UPDATE! These cuties are now available for US $12.99 | CAN $16.99 | UK £11.99 and they’re called “Valentine Lovebirds”. Good to know!

The LEGO Group provided The Brothers Brick with an early copy of this set for review. Providing TBB with products for review guarantees neither coverage nor positive reviews.

Click to read the full hands-on review

The delicate hum of nature

Hummingbirds are truly miraculous little creatures. It’s incredible how something so small and delicate can achieve such monumental tasks. For example, they can migrate hundreds of miles between the summer and winter seasons. Builder LEGO Monkey pays tribute to these little guys with this great vignette, and the composition is nicely done. The tall blades of grass, “large” flower, and broken stick set the scale well. I’m particularly fond of the little ladybug, created using the minifigure costume element attached to a stud with Black Panther ears to cap it off.

If you like this, check out our other nature related builds! In particular, we have loads of examples of excellent LEGO birds.

There once was a little macaw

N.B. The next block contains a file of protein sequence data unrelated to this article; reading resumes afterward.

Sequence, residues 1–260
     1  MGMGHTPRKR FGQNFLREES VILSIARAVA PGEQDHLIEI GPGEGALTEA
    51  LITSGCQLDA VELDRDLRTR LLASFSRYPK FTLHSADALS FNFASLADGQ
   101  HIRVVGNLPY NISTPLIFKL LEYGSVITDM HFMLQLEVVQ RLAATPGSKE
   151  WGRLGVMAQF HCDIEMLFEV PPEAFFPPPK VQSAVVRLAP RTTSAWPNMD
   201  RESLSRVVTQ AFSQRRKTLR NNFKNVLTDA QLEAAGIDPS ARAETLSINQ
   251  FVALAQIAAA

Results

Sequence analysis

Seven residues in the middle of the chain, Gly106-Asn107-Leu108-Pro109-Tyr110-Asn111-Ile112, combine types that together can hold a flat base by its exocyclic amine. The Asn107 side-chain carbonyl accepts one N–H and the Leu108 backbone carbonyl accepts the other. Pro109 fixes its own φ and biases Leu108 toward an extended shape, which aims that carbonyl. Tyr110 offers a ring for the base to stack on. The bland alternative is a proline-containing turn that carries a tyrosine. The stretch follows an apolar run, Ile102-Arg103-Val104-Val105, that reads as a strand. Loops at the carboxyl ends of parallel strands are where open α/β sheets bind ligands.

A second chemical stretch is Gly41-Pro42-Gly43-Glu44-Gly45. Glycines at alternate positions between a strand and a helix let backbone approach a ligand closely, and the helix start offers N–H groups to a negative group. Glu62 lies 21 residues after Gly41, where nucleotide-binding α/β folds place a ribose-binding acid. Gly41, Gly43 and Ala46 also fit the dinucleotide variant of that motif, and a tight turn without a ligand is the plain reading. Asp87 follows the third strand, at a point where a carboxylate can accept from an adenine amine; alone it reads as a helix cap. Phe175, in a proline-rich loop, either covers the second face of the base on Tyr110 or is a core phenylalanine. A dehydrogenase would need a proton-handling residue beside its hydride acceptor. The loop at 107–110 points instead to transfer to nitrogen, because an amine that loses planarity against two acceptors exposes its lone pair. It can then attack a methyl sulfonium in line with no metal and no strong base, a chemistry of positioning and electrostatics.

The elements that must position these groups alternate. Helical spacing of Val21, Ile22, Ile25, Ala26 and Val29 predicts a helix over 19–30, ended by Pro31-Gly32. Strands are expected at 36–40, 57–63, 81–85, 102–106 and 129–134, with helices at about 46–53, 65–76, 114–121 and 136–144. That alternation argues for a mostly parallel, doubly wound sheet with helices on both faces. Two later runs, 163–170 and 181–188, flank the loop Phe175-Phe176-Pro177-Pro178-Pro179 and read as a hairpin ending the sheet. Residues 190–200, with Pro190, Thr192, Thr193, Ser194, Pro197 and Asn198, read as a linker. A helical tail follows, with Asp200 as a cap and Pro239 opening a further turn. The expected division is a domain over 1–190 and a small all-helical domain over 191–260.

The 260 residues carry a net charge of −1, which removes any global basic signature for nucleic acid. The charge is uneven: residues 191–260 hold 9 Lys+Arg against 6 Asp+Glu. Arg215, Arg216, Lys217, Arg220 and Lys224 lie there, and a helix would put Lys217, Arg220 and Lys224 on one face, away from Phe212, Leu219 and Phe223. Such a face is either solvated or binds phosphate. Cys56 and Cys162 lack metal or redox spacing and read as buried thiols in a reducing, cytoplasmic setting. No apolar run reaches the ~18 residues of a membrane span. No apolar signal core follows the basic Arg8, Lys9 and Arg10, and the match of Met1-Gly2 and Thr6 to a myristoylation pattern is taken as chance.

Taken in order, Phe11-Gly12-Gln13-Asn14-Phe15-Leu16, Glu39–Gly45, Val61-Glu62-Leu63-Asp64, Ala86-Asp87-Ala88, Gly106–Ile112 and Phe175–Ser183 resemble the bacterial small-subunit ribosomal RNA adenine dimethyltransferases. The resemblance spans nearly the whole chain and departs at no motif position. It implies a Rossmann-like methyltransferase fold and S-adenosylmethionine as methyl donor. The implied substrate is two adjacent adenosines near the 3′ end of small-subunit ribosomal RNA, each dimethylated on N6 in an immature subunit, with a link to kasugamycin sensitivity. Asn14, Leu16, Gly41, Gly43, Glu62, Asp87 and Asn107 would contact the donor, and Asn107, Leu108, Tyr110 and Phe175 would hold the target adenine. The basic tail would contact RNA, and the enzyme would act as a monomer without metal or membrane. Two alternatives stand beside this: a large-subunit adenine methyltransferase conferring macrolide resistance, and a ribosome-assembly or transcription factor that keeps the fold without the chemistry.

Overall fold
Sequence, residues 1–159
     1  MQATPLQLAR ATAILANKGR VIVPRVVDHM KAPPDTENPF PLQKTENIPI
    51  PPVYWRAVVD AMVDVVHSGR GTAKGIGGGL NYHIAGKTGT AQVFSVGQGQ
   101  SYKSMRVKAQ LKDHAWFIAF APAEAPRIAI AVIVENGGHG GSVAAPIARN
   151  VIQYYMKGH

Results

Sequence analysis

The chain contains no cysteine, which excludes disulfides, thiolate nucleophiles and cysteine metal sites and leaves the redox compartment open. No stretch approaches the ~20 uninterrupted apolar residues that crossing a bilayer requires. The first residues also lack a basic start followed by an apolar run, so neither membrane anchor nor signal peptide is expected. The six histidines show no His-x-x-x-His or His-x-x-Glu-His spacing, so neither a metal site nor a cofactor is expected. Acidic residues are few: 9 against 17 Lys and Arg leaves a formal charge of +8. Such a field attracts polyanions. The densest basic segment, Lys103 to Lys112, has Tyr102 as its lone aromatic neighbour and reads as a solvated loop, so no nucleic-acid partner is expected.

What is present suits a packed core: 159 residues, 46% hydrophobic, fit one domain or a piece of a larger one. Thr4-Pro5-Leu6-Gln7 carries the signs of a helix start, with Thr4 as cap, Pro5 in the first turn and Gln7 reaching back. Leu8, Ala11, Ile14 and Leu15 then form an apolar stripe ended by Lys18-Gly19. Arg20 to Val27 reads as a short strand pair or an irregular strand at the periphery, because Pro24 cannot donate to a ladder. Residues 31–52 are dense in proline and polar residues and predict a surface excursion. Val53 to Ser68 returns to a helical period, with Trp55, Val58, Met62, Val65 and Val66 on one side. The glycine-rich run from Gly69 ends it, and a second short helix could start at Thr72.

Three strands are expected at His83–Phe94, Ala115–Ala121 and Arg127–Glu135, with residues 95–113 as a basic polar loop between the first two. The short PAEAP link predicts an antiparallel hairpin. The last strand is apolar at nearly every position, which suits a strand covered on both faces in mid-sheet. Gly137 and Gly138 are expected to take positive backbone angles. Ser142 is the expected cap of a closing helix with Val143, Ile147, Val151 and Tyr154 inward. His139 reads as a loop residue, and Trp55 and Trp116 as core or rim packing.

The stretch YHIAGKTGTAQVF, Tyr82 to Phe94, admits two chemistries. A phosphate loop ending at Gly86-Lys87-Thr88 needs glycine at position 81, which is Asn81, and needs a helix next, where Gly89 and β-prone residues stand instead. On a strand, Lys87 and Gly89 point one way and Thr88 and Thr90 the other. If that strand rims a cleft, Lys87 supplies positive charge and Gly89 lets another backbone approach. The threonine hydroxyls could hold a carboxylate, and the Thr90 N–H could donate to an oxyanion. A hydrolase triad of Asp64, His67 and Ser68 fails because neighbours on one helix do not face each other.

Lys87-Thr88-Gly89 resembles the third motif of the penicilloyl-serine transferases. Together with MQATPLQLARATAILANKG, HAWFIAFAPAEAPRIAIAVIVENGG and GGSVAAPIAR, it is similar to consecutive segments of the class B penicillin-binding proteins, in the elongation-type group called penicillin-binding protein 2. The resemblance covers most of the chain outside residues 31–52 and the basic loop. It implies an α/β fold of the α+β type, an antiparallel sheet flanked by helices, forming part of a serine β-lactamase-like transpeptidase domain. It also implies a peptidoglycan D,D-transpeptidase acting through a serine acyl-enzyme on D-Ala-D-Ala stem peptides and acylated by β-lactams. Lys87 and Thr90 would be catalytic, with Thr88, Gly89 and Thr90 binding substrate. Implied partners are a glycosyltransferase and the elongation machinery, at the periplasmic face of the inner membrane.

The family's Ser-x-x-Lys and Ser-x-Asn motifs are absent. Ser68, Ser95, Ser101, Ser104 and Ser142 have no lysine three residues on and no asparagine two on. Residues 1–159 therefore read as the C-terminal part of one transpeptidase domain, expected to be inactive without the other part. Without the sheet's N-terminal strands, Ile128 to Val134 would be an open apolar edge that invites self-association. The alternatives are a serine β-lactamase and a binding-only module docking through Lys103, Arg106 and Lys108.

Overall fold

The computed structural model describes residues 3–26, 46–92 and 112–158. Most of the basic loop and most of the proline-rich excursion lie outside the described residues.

The smooth body of this little LEGO scarlet macaw, built by Nikita Filatov, contrasts perfectly with the texture of the branch she sits on. Speaking of which, the organic texturing and overall structure/shaping are nicely done in both pieces. The core of the branch has to be pretty strong to support the bird! The only thing missing is a few more tail feathers, but soon this youngster will be taking flight!

Ara parrot

We’ve got what you need if you’re interested in seeing more builds of colorful birds! And if you’re looking for a menagerie, we have a whole zoo’s worth of awesome animal builds too!

Who says dinosaurs are extinct?

This colorful LEGO sculpture by Shannon Sproule is a pretty darn accurate recreation of a northern cassowary. It checks all the boxes in terms of color, shaping, and even size. In real life, this bird is mostly black aside from the head and it lives in New Guinea, northeast Australia, and surrounding islands. But one of the most notable things about it is that it’s giant and formidable. Its size and weight are comparable to the emu, although the emus have nothing on these guys when it comes to battle. Cassowaries are considered one of the most dangerous birds in the world.